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Old 05-08-2008, 05:03 AM   #1
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What is the differences between alternate CD and desktop CD

When i see the list of isos to download, there is ubuntu-alternate and ubuntu-desktop. What should i download? What's the differences?
Old 05-08-2008, 05:48 AM   #2
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If you are downloading a Ubuntu .iso so you can install Linux, pick the one that is for your type of pc. If it is a 32bit intel or amd use the X86 on some download sites it's called i386 .iso for 64bit use amd64. < You don't have to use the amd64 for a 64bit system the x86 will work fine.

If you are trying to do something else you need to be a bit more specific.
Old 05-08-2008, 09:18 AM   #3
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I think "ubuntu desktop" gives you a pretty, graphical install.
"Ubuntu alternate" is a text-mode only install, which is useful if you have difficult or unusual hardware that may not be supported by the "ubuntu Desktop" install.
Old 05-08-2008, 09:24 AM   #4
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Originally Posted by germanium View Post
When i see the list of isos to download, there is ubuntu-alternate and ubuntu-desktop. What should i download? What's the differences?
Most computers these days will use Ubuntu Desktop. Some very old computers, or computers with low RAM (less than 384MB) may need to use the alternate CD.

I'm sure you can find documentation relating to this on the Ubuntu website.
Old 05-08-2008, 09:31 AM   #5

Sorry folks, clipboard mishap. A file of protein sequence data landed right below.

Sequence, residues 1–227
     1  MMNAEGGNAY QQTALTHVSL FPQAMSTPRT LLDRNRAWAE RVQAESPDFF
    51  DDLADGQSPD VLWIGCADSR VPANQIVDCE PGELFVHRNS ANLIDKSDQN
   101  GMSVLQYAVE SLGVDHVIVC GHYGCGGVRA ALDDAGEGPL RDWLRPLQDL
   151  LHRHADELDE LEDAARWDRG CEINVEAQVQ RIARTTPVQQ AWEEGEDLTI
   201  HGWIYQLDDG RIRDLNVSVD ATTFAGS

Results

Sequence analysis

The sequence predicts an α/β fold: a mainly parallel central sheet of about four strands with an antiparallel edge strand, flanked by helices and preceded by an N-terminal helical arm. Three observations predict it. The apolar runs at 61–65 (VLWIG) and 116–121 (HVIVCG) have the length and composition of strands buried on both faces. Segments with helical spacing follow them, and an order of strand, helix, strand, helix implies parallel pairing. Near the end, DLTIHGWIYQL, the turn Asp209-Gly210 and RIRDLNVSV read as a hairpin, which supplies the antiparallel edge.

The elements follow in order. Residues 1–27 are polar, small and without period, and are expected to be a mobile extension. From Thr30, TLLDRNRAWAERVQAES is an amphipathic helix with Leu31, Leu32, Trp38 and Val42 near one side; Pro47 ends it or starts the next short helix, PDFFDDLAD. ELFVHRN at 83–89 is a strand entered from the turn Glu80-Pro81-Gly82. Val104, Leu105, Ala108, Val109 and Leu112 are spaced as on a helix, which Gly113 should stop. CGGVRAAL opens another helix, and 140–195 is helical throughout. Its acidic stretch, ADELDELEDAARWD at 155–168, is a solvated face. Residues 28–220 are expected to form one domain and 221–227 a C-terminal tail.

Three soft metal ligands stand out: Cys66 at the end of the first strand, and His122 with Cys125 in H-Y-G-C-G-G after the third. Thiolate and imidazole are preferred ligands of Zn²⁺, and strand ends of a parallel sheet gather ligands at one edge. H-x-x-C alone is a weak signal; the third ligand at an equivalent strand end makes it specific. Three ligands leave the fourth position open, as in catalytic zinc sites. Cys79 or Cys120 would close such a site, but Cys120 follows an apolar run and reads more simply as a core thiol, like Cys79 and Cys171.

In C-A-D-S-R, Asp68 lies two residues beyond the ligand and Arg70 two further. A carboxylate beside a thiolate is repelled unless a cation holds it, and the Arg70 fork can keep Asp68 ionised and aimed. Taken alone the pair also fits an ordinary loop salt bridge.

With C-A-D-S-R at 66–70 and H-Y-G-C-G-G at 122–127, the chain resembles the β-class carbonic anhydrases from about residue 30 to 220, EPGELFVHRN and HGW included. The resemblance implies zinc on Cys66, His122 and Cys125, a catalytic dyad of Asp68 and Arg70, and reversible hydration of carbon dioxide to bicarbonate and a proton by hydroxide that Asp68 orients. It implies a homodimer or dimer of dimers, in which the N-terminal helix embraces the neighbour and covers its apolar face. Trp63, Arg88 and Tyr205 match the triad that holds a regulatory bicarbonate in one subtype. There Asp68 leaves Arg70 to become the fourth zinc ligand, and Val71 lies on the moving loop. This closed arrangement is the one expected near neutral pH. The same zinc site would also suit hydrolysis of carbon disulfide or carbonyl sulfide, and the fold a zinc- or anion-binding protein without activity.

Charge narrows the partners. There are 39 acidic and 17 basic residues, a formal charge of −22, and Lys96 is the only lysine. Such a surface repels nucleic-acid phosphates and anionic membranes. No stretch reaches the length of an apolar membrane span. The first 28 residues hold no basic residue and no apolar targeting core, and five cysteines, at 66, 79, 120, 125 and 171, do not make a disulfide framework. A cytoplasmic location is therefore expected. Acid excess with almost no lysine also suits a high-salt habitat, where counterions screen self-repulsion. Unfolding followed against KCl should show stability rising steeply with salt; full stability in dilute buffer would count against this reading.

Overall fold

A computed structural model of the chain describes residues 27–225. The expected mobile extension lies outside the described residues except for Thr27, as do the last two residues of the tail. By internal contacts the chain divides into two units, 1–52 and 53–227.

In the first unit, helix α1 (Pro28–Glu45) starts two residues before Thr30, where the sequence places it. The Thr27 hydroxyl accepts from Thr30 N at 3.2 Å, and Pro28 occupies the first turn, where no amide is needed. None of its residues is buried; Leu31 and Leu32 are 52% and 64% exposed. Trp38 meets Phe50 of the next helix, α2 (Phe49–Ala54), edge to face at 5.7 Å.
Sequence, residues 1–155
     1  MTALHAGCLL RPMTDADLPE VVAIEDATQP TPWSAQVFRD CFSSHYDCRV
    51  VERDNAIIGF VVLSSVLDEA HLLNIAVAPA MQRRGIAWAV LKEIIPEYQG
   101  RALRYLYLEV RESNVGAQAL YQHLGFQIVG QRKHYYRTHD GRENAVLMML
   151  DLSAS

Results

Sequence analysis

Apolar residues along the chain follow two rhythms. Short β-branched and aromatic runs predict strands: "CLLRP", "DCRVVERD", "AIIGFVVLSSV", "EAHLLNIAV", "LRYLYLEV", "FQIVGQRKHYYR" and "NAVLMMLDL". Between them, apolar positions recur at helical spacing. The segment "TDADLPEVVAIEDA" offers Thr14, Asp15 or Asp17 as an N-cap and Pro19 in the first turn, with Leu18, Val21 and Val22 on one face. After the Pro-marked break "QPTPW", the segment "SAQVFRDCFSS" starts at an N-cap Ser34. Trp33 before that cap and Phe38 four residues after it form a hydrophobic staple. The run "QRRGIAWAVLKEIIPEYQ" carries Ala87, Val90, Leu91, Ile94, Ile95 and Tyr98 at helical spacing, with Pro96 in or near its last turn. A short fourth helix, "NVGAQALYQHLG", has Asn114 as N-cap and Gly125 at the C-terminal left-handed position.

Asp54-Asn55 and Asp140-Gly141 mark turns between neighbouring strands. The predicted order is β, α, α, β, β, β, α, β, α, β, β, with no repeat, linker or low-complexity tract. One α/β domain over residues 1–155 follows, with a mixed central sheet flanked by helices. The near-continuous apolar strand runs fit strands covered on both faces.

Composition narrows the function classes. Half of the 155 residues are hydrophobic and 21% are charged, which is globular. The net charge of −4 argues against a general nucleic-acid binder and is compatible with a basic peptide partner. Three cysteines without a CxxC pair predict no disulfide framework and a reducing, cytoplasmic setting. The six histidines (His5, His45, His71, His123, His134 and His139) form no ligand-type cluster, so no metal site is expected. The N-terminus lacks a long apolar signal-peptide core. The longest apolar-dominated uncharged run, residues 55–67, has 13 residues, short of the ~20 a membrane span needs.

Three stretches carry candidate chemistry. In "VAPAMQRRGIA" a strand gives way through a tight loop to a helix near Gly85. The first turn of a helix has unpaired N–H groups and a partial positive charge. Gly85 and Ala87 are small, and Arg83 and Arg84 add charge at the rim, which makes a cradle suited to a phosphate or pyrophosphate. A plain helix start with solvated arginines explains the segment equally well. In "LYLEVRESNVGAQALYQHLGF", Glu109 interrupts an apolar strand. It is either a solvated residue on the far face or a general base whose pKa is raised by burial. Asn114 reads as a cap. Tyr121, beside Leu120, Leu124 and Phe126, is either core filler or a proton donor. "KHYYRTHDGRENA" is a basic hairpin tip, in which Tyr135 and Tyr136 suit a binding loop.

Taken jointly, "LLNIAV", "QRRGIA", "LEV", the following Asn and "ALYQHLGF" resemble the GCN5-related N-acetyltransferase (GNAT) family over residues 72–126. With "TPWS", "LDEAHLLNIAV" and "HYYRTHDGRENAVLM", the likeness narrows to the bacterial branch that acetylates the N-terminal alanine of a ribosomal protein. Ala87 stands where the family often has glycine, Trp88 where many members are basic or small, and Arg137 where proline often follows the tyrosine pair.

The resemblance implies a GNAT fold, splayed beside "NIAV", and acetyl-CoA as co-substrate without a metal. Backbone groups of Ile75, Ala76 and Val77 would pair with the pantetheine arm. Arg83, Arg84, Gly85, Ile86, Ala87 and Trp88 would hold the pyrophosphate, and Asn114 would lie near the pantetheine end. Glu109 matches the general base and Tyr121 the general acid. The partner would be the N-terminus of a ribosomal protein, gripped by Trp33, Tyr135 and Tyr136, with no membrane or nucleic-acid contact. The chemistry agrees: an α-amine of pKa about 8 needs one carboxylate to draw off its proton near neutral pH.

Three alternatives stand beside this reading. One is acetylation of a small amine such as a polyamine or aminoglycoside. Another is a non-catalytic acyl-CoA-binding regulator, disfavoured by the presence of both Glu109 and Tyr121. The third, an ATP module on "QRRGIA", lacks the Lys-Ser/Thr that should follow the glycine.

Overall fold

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I thought the alternate install CD was one to install directly without booting up a "live" version. From the Ubuntu website:
Check here if you need the alternate desktop CD. This CD does not include the Live CD, instead it uses a text-based installer.
The other choice is "desktop" vs. "server". I assume you want desktop.
Old 05-08-2008, 10:56 AM   #6
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In addition to allowing a text-mode install the Alternate disc allows for more partitioning options, I think; if I'm not mistaken, it allows you to create and install the system using Logical Volume Management (LVM), which has it's own pros and cons compared to "regular" partitions, and in addition to that encrypted LVM partitioning - in other words, it encrypts the Logical Volumes (or probably the whole Physical Volume in which the Logical Volumes reside) so you can't, at least without great effort and lots of time, get your hands on the data on the disk without knowing the key used in the encryption (actually, the key with which another key was encrypted that was then used to encrypt the disk data).

Though the setup doesn't fill the disk with random data prior to this (probably because that would take a lot of time - possibly full 24 hours for a big disk), so it's clear where the encrypted data begins and ends; some guides (like that of Slackware's) suggest that the portions of disk onto which the encrypted partitions are created are first filled with random data, so that the encrypted data would be "camouflaged" there, making it even more difficult to dig anything up, when it's not even clear where the encrypted parts begin and end.

In short, the Alternate disc offers more options to the installation than the Desktop disc. Though usually Desktop disc is "easier" (or "friendlier") to use, so go for that.



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